If you want to file for bankruptcy, federal law requires you go through credit counseling and debtor education. These are two separate counseling sessions, one before filing and one after filing but before your debts are discharged. These requirements are the same whether you want to file for Chapter 7 or Chapter 13 bankruptcy. You must take both sessions with approved counseling agencies, but you can't take them both at the same time.
Your first step toward bankruptcy is a credit counseling session. You must take it within 180 days before filing for bankruptcy. It is usually a relatively short session, about 60 to 90 minutes long, in which you and your counselor go over your finances and discuss your options. This session may cover: - The bankruptcy process and what it can do for you - Advantages and disadvantages of filing - An analysis of your current financial situation and budget - Setting up a workable repayment plan - Discussions about how you got into financial trouble
Sometimes this session may be able to help you avoid filing bankruptcy, if you can negotiate your repayment plan with your creditors on your own. You have the option of taking this counseling in person, online or by phone. After the session, you will get a certificate of completion to include with your bankruptcy filing to prove you took the class. Agencies do charge a fee for this service, and these fees can vary by agency. But they have to tell you all the fees they charge before starting your session. They are also required to offer you reduced-fee or free services if you can't afford the regular fee. You do have to ask for this before beginning your session or you may have to pay the full fee.
Bankruptcy can help you get a fresh financial start, but if you got into trouble because you made poor financial decisions, you're more likely to end up back in the same boat again. Debtor education can help you learn to manage your money and credit better to make that less likely. You can learn: - How to rebuild your finances and then keep them in order - How to create a budget and stick to it - How to use credit wisely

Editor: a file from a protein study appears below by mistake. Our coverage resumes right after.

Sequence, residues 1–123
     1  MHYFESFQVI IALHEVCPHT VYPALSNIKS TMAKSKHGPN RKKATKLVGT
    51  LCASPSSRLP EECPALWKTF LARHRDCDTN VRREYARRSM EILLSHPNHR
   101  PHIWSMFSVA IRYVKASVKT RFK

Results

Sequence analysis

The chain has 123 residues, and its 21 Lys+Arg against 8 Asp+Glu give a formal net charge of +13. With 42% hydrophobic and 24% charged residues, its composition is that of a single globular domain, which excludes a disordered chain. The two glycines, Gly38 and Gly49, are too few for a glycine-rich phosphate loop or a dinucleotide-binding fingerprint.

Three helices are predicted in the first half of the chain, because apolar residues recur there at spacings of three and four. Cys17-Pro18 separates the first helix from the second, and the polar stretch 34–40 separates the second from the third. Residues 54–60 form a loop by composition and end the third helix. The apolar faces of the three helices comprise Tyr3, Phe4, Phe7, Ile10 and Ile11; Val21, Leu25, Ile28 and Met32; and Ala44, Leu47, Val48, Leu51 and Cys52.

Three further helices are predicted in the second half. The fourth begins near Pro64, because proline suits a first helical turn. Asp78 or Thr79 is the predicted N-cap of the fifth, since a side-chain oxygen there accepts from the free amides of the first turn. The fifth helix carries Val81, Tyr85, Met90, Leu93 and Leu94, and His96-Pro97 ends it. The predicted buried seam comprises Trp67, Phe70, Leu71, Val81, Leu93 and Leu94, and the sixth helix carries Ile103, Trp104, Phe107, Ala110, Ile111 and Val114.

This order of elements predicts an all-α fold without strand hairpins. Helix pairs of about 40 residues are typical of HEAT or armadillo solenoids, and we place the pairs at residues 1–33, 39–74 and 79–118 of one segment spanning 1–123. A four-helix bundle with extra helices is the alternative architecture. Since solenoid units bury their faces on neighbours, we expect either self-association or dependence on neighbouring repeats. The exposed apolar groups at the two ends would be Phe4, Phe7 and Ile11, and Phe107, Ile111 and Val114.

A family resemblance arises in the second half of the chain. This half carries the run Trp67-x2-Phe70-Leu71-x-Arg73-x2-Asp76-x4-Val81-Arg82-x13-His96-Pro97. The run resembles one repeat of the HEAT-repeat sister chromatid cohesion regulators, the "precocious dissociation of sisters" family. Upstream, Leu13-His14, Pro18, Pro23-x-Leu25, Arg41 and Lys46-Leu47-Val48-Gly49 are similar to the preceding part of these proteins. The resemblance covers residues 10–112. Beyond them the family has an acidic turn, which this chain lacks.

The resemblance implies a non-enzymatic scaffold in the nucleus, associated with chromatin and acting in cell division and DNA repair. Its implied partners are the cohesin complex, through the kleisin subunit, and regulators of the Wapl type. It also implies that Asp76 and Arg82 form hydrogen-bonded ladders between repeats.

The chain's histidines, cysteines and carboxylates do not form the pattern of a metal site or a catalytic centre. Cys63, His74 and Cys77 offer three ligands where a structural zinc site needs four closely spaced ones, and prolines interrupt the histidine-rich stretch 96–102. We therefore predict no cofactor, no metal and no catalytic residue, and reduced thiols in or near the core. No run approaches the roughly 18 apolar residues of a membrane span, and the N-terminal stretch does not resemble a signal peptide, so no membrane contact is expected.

This class is usually a little longer than the credit counseling session. It can also be done online, in person or over the phone. You must take it within 60 days after your first meeting of creditors (for Chapter 7) or before your last plan payment (Chapter 13). There is also a fee for these sessions, but just like credit counseling, the agency must disclose all fees upfront and you may qualify for a reduced fee or fee waiver. You will get another certificate of completion after this course. You will have to file it with the bankruptcy court before your bankruptcy can be finalized.
You can't get these counseling sessions just anywhere. You have to use an approved provider. In most states, this will be one approved by the U.S. Trustee Program. The program publishes lists of approved providers for both credit counseling and debtor education. Some agencies are approved for both types of counseling. If so, you may use the same agency for both, but remember: You can't take both classes in the same session. In Alabama and North Carolina, you must use providers approved by the district bankruptcy court's Bankruptcy Administrator. Just because a provider is approved doesn't mean it's the right one for you. Although you might be tempted to just pick one and get it over with, it's always a good idea to ask questions. After all, your financial future is at stake. To make an informed decision, talk to several agencies and get some information first: - Make sure you understand exactly what services they offer. - Make sure they will help you put together a plan to stay out of debt in the future. - Ask what they charge. And ask about a fee reduction or waiver if you can't afford their fees. - Ask about their counselors' training and qualifications. Are they certified?
Also make sure they have procedures in place to keep your confidential information secure. If they don't, they could be putting you at risk of identify theft and even bigger financial problems down the road. These counseling sessions are legally required, and you might be tempted to skate through them with as little effort as possible so you can get your bankruptcy approved. But it's to your advantage to take them seriously. They really can help you learn how to avoid financial problems and the stress it causes in the future.
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